Theoretical and Applied Genetics

, Volume 109, Issue 2, pp 294–304 | Cite as

Genetic linkage mapping of an annual × perennial ryegrass population

  • S. E. WarnkeEmail author
  • R. E. Barker
  • Geunhwa Jung
  • Sung-Chur Sim
  • M. A. Rouf Mian
  • M. C. Saha
  • L. A. Brilman
  • M. P. Dupal
  • J. W. Forster
Original Paper


Annual (Lolium multiflorum Lam.) and perennial (L. perenne L.) ryegrass are two common forage and turfgrass species grown throughout the world. Perennial ryegrass is most commonly used for turfgrass purposes, and contamination by annual ryegrass, through physical seed mixing or gene flow, can result in a significant reduction in turfgrass quality. Seed certifying agencies in the United States currently use a test called seedling root fluorescence (SRF) to detect contamination between these species. The SRF test, however, can be inaccurate and therefore, the development of additional markers for species separation is needed. Male and female molecular-marker linkage maps of an interspecific annual × perennial ryegrass mapping population were developed to determine the map location of the SRF character and to identify additional genomic regions useful for species separation. A total of 235 AFLP markers, 81 RAPD markers, 16 comparative grass RFLPs, 106 SSR markers, 2 isozyme loci and 2 morphological characteristics, 8-h flowering, and SRF were used to construct the maps. RFLP markers from oat and barley and SSR markers from tall fescue and other grasses allowed the linkage groups to be numbered, relative to the Triticeae and the International Lolium Genome Initative reference population P150/112. The three-generation population structure allowed both male and female maps to be constructed. The male and female maps each have seven linkage groups, but differ in map length with the male map being 537 cm long and the female map 712 cm long. Regions of skewed segregation were identified in both maps with linkage groups 1, 3, and 6 of the male map showing the highest percentage of skewed markers. The (SRF) character mapped to linkage group 1 in both the male and female maps, and the 8-h flowering character was also localized to this linkage group on the female map. In addition, the Sod-1 isozyme marker, which can separate annual and perennial ryegrasses, mapped to linkage group 7. These results indicate that Lolium linkage groups 1 and 7 may provide additional markers and candidate genes for use in ryegrass species separation.


Linkage Group Mapping Population Tall Fescue Perennial Ryegrass Annual Ryegrass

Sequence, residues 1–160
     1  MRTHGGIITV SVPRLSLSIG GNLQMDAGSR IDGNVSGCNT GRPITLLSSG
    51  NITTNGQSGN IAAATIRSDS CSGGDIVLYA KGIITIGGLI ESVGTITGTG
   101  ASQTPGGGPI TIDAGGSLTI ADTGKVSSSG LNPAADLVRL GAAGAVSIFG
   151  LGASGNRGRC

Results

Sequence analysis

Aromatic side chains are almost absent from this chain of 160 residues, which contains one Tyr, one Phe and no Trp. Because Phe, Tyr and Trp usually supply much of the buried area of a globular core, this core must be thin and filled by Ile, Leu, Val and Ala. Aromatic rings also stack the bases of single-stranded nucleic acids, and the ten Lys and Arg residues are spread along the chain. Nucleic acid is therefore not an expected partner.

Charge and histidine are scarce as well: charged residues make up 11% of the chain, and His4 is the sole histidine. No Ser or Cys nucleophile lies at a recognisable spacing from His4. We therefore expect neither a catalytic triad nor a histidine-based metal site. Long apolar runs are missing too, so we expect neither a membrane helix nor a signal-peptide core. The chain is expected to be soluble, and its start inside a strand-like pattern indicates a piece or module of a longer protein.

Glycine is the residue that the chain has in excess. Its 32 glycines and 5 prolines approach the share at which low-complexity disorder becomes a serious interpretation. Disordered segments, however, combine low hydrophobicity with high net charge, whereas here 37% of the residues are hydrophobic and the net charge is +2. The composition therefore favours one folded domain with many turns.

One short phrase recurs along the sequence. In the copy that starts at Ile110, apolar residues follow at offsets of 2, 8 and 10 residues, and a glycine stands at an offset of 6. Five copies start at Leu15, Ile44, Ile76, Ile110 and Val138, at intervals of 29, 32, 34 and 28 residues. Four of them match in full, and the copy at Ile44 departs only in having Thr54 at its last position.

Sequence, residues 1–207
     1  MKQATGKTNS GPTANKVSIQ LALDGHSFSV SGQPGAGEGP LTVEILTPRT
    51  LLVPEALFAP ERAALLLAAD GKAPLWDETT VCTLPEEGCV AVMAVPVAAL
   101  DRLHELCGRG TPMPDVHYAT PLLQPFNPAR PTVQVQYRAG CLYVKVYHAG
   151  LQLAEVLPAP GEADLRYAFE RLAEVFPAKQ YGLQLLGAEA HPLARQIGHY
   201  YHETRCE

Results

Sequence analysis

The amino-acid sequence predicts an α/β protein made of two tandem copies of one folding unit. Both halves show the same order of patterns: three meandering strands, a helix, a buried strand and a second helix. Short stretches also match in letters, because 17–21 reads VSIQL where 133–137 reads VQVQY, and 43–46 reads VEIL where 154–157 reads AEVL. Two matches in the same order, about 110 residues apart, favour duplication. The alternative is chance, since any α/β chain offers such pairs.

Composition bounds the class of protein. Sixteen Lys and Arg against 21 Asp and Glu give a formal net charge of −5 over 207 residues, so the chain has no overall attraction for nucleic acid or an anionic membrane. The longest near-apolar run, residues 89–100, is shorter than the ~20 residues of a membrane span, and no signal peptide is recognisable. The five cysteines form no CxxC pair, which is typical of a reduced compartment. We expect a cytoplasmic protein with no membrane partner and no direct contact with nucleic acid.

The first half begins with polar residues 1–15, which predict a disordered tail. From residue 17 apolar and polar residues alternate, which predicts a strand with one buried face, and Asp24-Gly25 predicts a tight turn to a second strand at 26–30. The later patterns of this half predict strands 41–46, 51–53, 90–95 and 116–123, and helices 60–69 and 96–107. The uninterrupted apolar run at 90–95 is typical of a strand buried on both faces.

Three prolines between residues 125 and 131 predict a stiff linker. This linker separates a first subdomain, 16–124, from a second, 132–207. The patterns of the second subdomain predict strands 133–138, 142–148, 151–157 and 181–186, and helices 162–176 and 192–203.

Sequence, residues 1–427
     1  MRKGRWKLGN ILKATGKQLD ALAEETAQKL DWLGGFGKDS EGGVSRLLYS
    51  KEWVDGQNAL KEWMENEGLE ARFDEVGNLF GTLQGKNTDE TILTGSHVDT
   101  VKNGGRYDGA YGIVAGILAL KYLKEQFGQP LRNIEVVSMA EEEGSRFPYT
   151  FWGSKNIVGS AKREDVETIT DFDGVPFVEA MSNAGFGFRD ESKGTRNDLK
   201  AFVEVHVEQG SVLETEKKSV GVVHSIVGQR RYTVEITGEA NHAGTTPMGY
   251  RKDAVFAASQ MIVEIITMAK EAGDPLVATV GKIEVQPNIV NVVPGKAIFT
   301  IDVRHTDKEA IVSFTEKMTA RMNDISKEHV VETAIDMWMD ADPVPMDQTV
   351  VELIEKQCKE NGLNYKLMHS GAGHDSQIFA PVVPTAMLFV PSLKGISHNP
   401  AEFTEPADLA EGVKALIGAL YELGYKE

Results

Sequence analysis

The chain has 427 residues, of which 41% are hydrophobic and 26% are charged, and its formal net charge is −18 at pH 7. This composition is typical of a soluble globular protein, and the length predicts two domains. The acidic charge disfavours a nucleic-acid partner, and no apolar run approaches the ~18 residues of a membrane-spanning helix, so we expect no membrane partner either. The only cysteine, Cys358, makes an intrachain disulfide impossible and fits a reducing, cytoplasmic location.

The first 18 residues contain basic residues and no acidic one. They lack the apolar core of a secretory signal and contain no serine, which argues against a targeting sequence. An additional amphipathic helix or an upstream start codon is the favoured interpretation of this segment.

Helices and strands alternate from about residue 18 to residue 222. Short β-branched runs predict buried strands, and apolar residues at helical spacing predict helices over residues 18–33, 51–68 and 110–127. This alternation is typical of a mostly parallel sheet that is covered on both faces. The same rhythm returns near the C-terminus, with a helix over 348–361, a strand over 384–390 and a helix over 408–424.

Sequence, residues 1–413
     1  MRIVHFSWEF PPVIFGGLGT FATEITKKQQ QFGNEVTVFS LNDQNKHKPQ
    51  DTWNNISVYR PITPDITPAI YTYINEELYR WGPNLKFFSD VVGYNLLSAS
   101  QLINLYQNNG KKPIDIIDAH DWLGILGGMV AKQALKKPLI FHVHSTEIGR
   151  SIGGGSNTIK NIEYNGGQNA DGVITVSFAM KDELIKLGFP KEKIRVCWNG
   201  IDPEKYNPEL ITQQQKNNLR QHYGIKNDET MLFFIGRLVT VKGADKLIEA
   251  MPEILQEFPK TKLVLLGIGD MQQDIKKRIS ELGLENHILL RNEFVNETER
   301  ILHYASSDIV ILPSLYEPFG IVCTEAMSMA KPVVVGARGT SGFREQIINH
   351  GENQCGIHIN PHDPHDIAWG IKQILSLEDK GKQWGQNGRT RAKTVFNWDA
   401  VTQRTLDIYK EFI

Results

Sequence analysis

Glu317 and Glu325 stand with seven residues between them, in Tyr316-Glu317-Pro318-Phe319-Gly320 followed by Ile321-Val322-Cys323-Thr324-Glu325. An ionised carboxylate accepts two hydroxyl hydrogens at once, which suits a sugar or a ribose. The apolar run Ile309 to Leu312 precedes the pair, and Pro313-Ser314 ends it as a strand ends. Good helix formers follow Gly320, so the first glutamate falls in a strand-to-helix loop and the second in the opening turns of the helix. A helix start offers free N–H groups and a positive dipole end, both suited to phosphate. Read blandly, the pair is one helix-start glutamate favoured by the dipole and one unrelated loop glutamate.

These keywords were added by machine and not by the authors. This process is experimental and the keywords may be updated as the learning algorithm improves.



We thank Dr. Mark E. Sorrells for kindly providing the conserved grass EST-SSR primers sequences and the PCR protocols for screening the primers. We also thank Lori Evans for technical assistance. Partial funding was provided by the Grass Seed Cropping Systems for a Sustainable Agriculture Special Grant of USDA-CSREES, the Oregon Ryegrass Growers Commission, the Oregon Seed Council, the Oregon Seed Trade Association, the Perennial Ryegrass Bargaining Association, and the Oregon Seed Certification Service. Experimental methods performed in this research complied with current laws and regulations of the United States. The mention of a trademark or a proprietary product does not constitute a guarantee or warranty of the product by the US Department of Agriculture and does not imply its approval to the exclusion of other products that may also be suitable.


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Copyright information

© Springer-Verlag 2004

Authors and Affiliations

  • S. E. Warnke
    • 1
    Email author
  • R. E. Barker
    • 2
  • Geunhwa Jung
    • 3
  • Sung-Chur Sim
    • 3
  • M. A. Rouf Mian
    • 4
  • M. C. Saha
    • 4
  • L. A. Brilman
    • 5
  • M. P. Dupal
    • 6
  • J. W. Forster
    • 7
  1. 1.National ArboretumUSDA-ARSWashingtonUSA
  2. 2.National Forage Seed Production Research CenterUSDA-ARSCorvallisUSA
  3. 3.Department of Plant PathologyUniversity of WisconsinMadisonUSA
  4. 4.The Noble FoundationArdmoreUSA
  5. 5.Seed Research of OregonCorvallisUSA
  6. 6.Amersham Biosciences Pty. Ltd.Castle HillAustralia
  7. 7.Department of Primary Industries, Primary Industries Research Victoria, Plant Biotechnology CentreLa Trobe UniversityBundooraAustralia

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